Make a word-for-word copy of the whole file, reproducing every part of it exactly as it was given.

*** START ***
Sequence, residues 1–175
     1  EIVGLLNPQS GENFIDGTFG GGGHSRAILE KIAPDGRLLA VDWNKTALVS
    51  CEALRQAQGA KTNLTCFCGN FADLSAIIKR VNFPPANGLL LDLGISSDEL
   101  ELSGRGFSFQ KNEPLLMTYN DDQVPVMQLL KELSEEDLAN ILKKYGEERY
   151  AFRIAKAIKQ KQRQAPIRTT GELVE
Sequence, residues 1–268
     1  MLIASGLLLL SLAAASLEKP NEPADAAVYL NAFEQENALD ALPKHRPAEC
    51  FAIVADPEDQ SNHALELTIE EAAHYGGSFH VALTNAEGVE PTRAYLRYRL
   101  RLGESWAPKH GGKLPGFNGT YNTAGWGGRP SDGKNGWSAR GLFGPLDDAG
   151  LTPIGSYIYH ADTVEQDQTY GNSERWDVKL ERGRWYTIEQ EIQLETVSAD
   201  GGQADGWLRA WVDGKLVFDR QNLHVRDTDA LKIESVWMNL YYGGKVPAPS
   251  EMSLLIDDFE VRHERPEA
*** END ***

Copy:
Sequence, residues 1–175
     1  EIVGLLNPQS GENFIDGTFG GGGHSRAILE KIAPDGRLLA VDWNKTALVS
    51  CEALRQAQGA KTNLTCFCGN FADLSAIIKR VNFPPANGLL LDLGISSDEL
   101  ELSGRGFSFQ KNEPLLMTYN DDQVPVMQLL KELSEEDLAN ILKKYGEERY
   151  AFRIAKAIKQ KQRQAPIRTT GELVE
Sequence, residues 1–268
     1  MLIASGLLLL SLAAASLEKP NEPADAAVYL NAFEQENALD ALPKHRPAEC
    51  FAIVADPEDQ SNHALELTIE EAAHYGGSFH VALTNAEGVE PTRAYLRYRL
   101  RLGESWAPKH GGKLPGFNGT YNTAGWGGRP SDGKNGWSAR GLFGPLDDAG
   151  LTPIGSYIYH ADTVEQDQTY GNSERWDVKL ERGRWYTIEQ EIQLETVSAD
   201  GGQADGWLRA WVDGKLVFDR QNLHVRDTDA LKIESVWMNL YYGGKVPAPS
   251  EMSLLIDDFE VRHERPEA